2021 Graduation and Commencement
Gesshin Claire Greenwood | May 27, 2021
On Friday, May 21, faculty, students, trustees, and friends of the Institute of Buddhist Studies gathered online to celebrate the graduating class of 2021, along with the class of 2020, who was not able to celebrate last year due to the pandemic.
This online event was also a chance to honor Rev. Seigen Yamaoka, who is retiring this year. President Matsumoto presented Rev. Yamaoka with a plaque awardeding him the title of Professor Emeritus. Dr. Leroy Morishita and Rev. CJ Dunford shared reflections on the contributions and work of Rev. Yamaoka, and how they have personally been touched by his teachings.
Rev Yamaoka shared the following dharma words in response:
I feel embarrassed for receiving this, and I feel that this recognition is not something I should be receiving. There’s a fundamental thing that’s inside me that’s very important, and it goes back to the teachings of the Buddha and the teachings of Shinran Shonin. I’d like to express those feelings if I may, because this is how I feel at this moment in time.
The reason I feel that this recognition is undeserving is because of the fact that it wasn’t just me, it was all the relationships and all the wonderful people who I’ve been able to come in contact with, who worked really hard to make this possible. I was like a dew drop in a vast ocean of wonderful people who made it possible for me to be me.
The Buddha and Shinran Shonin wanted us to understand something very important about life, and that is as we are born, as we come into life, we find things are very “me” centered. But it’s because of the wonderful people around me that I was able to become who I am today. As a person, I had all my faults, my problems and frustrations and faults, and that’s all normal from a personal standpoint. But the Buddha and Shinran wanted us to see that we live not only from within that one narrow segment of our being, but that we’re part of a whole wide world that they wanted us to explore. And I call that the “Dharma World.”
I feel that all the support that I’ve received, to do whatever I could do, is the power of others. Because without the power of others the self cannot accomplish anything. And that is what Shinran and the Buddha wanted us to understand about life—that the power of others incorporates relationship, it incorporates wisdom, compassion and gratitude, it incorporates all those kinds of feelings that we ourselves cannot awaken within ourselves without the help of others. That is what I call the Dharma. That is what I call Amida Buddha.
All the dharma words that we use to express the work of the truth, the dharma, that’s all part of it. That’s the whole wide world that we need to feel through our life experience, so that we can express all that gratitude towards all the people who helped us to be. So I have to extend my gratitude to all the people who crossed my path and helped me learn who I am. In the overall perspective that is enlightenment, truth, wisdom and compassion, Amida, the Vow, the name, all those wonderful words that we all hear and think about—that is all the Dharma work.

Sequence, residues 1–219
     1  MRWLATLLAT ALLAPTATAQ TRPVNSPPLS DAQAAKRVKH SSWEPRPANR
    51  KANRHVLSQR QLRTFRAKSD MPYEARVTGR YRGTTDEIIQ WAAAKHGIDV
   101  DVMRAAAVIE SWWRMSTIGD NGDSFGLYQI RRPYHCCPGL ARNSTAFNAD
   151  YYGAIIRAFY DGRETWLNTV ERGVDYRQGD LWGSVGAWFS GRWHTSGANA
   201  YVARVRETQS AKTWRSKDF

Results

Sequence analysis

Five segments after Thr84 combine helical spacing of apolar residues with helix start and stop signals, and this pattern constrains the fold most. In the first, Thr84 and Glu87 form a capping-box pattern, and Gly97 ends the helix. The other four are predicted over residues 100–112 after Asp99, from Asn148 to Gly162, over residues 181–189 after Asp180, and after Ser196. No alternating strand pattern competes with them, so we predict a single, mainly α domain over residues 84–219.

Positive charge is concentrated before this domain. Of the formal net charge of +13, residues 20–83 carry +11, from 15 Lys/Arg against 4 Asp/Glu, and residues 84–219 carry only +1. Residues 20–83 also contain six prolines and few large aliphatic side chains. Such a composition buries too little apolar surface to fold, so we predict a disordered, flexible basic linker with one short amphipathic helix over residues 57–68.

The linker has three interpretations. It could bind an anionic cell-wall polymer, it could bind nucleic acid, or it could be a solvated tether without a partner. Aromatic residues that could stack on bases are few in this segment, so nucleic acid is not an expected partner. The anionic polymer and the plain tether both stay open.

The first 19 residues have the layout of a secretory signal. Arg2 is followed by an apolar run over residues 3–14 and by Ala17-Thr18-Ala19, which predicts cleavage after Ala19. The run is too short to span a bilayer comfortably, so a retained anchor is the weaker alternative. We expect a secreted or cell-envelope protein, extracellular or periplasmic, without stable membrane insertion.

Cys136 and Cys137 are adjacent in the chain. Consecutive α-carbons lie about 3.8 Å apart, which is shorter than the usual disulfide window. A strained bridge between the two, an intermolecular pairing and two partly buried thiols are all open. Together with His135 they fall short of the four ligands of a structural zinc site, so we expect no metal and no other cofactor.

Without the dharma working in my life, I would have been a mess of a person. And whatever people say that I have accomplished, I feel embarrassed because it isn’t that I accomplished it, it was that I was given the opportunity to accomplish something. My contribution is like one drop of rain coming down from the sky to hit the earth, to nourish, support, and to help it grow. That is my life.
I am embarrassed to receive this and yet at the same time, it was awarded to me. So my idea is that it will be my reminder of how much I owe to all others that helped me to be, despite me. I can only express this in the one word that all of us all know, and that is the highest word of most supreme gratitude that we can extend to each and every one of us, to you, to all those who helped me become me. So I’m going to close very simply with my heartfelt appreciation for sharing your life with me, so that I could become me, despite me: Gassho.
Following the appreciation of Rev. Yamaoka, Dean Scott Mitchell acknowledged the 2019, 2020 and 2021 graduates, and conferred degrees and certificates to the following students:
Graduates for 2020-2021
Harumichi Fukaya— Master of Arts
Todd Tadao Tsuchiya— Master of Divinity
Ungyo Lynn Sugiyama— Master of Arts in Buddhist Studies
Jennifer Akiko Rogers— Master of Divinity and Shin Buddhist Studies Certificate
Christopher Lee Dunford, Jr.— Master of Arts and Certificate in Buddhist Chaplaincy
Susan Canning Bachman— Certificate in Theravada Buddhist Studies
Jeffrey Alan Haines— Shin Buddhist Studies Certificate
Graduates for 2019-2020:
Joseph Schuman— Master of Arts and Certificate in Buddhist Chaplaincy
Ryoze Wada— Master of Arts
Ryuki Tom Hawkins— Soto Zen Buddhist Studies Certificate
Melissa Opel— Shin Buddhist Studies Certificate
Gabrielle Haley— Certificate in Buddhist Studies